Wife of Ay by Lauren Lee Merewether is a prequel to her trilogy The Lost Pharaoh Chronicles. The prequel introduces readers to Temehu, the daughter of Nomarch Paser, a high-ranking citizen in the Egyptian hierarchy. When we first meet Temehu, she is thirteen years old and her mother is planning to find a suitable husband befitting a family in such high standing. Temehu and her mother, however, have been struggling to find a suitor who meets her mother’s special requirements. Regardless, Temehu has no desire to marry anyone other than her beloved childhood friend, Ay. The problem is that by the time she recognizes that Ay is her one true love, he is already betrothed to someone else. When Temehu’s beloved mother dies unexpectedly and her father remarries a woman Temehu despises, she is determined to claim her Ay from his betrothed, despite the inherent scandal of doing so. This story chronicles the struggles and trials this pair will face as they try to navigate the gossip and scandal of Egyptian high society, as well as fulfilling their dream to have a child, especially a daughter who would be earmarked to marry the son of the Emperor’s First Queen, who just happens to be Ay’s sister. This story takes us inside the family lives of the Egyptians during a period lost to history’s annals for three millennia.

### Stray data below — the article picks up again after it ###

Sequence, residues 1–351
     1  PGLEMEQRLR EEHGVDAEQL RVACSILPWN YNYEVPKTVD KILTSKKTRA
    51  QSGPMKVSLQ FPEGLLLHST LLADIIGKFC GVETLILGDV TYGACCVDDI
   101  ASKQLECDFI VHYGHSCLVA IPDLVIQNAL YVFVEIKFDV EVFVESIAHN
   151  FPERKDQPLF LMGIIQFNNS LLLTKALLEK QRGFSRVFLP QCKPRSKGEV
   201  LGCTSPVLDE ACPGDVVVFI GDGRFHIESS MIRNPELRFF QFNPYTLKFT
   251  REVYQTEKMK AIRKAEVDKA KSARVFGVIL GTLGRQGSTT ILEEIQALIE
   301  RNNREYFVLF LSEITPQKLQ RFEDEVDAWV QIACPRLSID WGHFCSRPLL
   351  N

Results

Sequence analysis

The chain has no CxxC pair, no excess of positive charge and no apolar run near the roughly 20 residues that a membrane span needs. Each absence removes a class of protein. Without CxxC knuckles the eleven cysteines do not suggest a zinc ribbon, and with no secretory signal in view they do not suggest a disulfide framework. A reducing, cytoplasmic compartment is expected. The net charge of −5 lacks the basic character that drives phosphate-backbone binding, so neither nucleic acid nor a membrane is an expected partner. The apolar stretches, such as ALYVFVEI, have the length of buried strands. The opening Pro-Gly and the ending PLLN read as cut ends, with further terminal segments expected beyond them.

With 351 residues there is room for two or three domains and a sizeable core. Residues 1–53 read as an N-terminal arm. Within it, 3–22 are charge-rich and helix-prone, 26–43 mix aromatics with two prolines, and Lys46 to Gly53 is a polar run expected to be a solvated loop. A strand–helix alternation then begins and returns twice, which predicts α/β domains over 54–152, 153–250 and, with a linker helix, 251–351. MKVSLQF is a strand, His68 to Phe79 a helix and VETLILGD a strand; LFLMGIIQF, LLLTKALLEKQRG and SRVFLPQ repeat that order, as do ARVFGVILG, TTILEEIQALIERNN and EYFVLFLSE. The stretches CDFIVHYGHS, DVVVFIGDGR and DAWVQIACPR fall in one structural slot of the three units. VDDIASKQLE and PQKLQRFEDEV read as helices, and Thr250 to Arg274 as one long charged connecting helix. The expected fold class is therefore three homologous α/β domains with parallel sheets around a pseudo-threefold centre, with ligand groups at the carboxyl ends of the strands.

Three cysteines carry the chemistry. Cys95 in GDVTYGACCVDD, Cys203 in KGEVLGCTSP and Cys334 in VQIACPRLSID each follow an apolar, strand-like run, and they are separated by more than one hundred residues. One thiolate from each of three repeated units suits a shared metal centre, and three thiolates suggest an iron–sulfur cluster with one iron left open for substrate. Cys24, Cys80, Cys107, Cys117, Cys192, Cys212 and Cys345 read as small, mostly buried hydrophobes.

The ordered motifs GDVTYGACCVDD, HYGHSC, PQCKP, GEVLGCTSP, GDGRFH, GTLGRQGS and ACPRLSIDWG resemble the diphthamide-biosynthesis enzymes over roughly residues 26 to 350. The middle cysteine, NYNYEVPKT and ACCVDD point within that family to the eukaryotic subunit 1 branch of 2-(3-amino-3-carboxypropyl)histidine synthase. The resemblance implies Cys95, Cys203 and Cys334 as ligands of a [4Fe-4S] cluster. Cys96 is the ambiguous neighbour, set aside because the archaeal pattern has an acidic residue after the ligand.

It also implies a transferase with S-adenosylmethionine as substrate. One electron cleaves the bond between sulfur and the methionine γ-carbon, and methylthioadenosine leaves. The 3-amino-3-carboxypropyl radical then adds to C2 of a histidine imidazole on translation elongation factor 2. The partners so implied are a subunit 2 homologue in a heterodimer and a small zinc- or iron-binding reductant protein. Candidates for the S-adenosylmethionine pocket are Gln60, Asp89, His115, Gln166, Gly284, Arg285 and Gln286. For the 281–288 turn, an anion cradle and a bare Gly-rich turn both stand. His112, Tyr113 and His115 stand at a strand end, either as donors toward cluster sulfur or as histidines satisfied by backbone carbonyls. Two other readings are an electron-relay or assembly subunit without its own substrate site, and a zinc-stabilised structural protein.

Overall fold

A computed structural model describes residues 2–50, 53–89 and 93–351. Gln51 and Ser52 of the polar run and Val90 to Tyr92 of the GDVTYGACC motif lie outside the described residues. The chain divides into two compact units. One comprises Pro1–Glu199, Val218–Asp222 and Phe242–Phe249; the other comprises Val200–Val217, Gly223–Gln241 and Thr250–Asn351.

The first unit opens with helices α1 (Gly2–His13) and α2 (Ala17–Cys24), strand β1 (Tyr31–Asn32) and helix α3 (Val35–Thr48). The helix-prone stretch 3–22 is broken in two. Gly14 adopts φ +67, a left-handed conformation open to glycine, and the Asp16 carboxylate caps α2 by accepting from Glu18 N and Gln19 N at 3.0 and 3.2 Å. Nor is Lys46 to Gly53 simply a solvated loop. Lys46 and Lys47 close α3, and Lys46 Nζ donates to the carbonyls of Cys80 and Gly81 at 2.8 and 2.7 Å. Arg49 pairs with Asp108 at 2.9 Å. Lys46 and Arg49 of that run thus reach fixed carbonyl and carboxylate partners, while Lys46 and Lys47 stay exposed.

I have always been a great fan of fiction based around the Egyptian civilization, their gods, and their pharaohs. Wife of Ay certainly fills that niche for me. Author Lauren Lee Merewether has written a short but sweeping tale of family life for upper-class society in this period of Egyptian history. Temehu was a character that was easy to feel empathy with and sympathy for. As a thirteen-year-old, she made a silly decision (for the right reasons perhaps) to push Ay away and she suffered greatly over the years to come for that choice. The pain and anguish she felt resonated through the pages and one couldn’t help but sympathize. I particularly enjoyed the sharp and vitriolic relationship between Temehu and her stepmother, who was beautifully portrayed as a money-grubbing, you-know-what. Because of the length of the story, it is an easy and satisfying read from an author who clearly has an excellent grasp of language and story construction. I read it in one sitting and it strikes me as the perfect book to while away a wet afternoon by the fire. If the intention of a prequel is to suck the reader into wanting to read more and indeed the author’s entire series, this prequel worked magnificently. I am dying to know what happens to Temehu and Ay’s little daughter, whose name I won’t give away, as that would definitely be a spoiler. I intend to read more of this author’s work and I can highly recommend this book as an excellent introduction to Merewether and her version of ancient Egypt.